Date: 08 Mar 08 - 08:18 PM

Believing in God is one thing; having God make things easier is another. Somewhere in Buddhism there's a conversation that goes something like this:

Seeker: What did you do before you were enlightened?
Master: I cut wood and carried water.
Seeker: What did you do after your were englightened?
Master: I cut wood and carried water.



Peace: Converse is a tennie, you dolt, and that's for being so rude with me on my inward-or-outward thread. Everybody else: This is a private joke; don't get on my case for saying "dolt." :)

CC


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Subject: RE: BS: I'd like to believe that there is a God
From: Peace
Date: 08 Mar 08 - 08:22 PM

"Peace: Converse is a tennie, you dolt, and that's for being so rude with me on my inward-or-outward thread."

What's a tennie? (I know what a dolt is.)


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Subject: RE: BS: I'd like to believe that there is a God
From: Peace
Date: 08 Mar 08 - 08:23 PM

And YOU, assuming the identity of Charlie Chicken when we KNOW that CC changed his name to G#G#. For shame!


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Subject: RE: BS: I'd like to believe that there is a God
From: Peace
Date: 08 Mar 08 - 08:24 PM

Whoops! Meant to say Chicken Charlie.


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Subject: RE: BS: I'd like to believe that there is a God
From: Slag
Date: 08 Mar 08 - 09:13 PM

LH, Thank goodness you didn't say "jackass" or "ignoramus" or "nincompoop" or something insulting. The powers that be would then have no choice but to append this thread to the INSULT thread and that would be that. Fortunately you were quite accurate, as per usual. Uhh...Sorry Peace but you gotta call 'em as you see 'um! :)


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Subject: RE: BS: I'd like to believe that there is a God
From: Bill D
Date: 08 Mar 08 - 09:16 PM

"What made it interesting, besides his "creative wordplay," & BS is that he stumbles upon aspects of truth, unbeknown to him. "

I rather thought that this would be the type of response I'd get. Even when the point of the whole 'hoax' is that people hear what they want to hear, and refuse to 'see' the internal flaws and messy logic, no one ever says, "Gee..I sure was careless there.."

reminds me of my favorite Peanuts cartoon:

Charlie Brown is walking along when he comes to Lucy, kneeling and looking at something on the sidewalk..."What are you doing , Lucy?"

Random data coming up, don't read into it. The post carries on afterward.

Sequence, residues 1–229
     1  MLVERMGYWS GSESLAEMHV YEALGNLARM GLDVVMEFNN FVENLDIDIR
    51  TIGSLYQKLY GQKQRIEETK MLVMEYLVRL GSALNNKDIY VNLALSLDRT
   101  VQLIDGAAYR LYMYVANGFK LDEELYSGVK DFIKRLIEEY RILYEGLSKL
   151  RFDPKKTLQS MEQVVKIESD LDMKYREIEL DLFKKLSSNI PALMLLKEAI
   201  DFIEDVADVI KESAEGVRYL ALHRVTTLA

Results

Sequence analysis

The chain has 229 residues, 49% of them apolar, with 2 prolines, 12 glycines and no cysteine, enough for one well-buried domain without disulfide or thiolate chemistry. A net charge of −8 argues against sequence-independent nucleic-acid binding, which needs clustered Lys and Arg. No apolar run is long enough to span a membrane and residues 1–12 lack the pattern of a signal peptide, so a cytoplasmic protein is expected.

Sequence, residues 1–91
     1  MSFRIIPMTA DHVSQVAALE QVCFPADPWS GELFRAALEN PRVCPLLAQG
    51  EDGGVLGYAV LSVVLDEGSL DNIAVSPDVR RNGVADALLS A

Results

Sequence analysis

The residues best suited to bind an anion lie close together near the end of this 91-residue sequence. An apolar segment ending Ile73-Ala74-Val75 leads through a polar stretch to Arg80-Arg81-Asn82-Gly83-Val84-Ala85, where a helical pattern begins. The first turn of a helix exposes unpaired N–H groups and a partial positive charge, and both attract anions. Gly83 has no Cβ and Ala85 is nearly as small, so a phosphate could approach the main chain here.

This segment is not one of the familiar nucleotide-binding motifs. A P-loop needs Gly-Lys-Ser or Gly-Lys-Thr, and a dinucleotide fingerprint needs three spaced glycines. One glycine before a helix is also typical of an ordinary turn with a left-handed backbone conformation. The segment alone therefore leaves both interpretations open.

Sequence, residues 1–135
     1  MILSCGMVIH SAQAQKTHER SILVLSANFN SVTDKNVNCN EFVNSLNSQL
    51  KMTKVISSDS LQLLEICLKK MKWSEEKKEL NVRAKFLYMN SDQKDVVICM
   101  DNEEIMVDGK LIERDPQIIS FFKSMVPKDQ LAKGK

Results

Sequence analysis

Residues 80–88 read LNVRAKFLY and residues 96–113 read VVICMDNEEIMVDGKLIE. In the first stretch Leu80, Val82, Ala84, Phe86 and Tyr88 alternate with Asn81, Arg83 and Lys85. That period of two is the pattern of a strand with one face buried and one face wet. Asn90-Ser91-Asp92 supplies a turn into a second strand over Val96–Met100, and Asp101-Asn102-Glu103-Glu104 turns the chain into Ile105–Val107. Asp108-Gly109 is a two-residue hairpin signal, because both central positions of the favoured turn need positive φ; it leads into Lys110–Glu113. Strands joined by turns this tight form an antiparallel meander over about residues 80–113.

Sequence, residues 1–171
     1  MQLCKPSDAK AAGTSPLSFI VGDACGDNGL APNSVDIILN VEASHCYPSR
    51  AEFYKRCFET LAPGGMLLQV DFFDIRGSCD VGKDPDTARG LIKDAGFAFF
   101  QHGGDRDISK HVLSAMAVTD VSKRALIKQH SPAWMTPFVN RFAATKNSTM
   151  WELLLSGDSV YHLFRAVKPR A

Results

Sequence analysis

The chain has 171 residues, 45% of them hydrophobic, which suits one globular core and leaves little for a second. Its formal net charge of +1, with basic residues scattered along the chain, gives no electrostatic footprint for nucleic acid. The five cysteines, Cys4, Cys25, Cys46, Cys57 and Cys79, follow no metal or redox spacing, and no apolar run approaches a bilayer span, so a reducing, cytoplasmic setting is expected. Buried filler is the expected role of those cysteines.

"Charlie Brown--see this big black bug? Do you know why it's so much bigger than the others? Because it's the QUEEN!"..........so Charlie gets down and peers closely...

"Lucy, that's not a bug...that's a black jelly bean!"

Lucy gives him this LOOK and bends to scrutinize the bug again..."Why, so it is!...I wonder how a Jelly bean ever got to be queen!"

There's no way to make the point when your 'victim' just redefines the rules and explains that anything you say just proves his point.


Ces't la vie


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Subject: RE: BS: I'd like to believe that there is a God
From: Jeri
Date: 08 Mar 08 - 09:32 PM

Tennie = tennis shoe.

I don't know why I'm back in this thread. I discovered tonight that 'they' must've put in a new tower and my wireless went broadband. Been YouTubing my brains out. Don't know about God, but in Dinkybutt NH, tonight there is broadband.


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Subject: RE: BS: I'd like to believe that there is a God
From: Mrrzy
Date: 09 Mar 08 - 02:15 PM

I guess that's the problem. Convincing a rationalist to have faith is kind of like convincing a fish to breathe air.

Aren't sneakers called Trainers in English English?


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Subject: RE: BS: I'd like to believe that there is a God
From: Little Hawk
Date: 09 Mar 08 - 03:17 PM

Rationalists do have faith. Everyone has faith in whatever and whomever they normally rely upon as being worthy of their trust.